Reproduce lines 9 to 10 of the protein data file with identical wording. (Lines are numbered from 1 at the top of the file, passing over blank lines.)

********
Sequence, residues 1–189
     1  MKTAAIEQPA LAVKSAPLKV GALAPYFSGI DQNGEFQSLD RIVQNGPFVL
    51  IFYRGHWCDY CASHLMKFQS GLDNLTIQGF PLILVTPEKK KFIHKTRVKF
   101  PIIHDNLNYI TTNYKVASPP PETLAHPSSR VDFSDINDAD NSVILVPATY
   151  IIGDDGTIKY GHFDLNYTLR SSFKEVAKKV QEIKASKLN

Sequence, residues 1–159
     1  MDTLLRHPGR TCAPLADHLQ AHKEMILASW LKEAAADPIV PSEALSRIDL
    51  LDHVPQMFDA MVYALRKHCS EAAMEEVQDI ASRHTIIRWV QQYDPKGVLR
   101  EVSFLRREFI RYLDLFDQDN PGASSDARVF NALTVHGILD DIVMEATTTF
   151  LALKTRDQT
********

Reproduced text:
   101  EVSFLRREFI RYLDLFDQDN PGASSDARVF NALTVHGILD DIVMEATTTF
   151  LALKTRDQT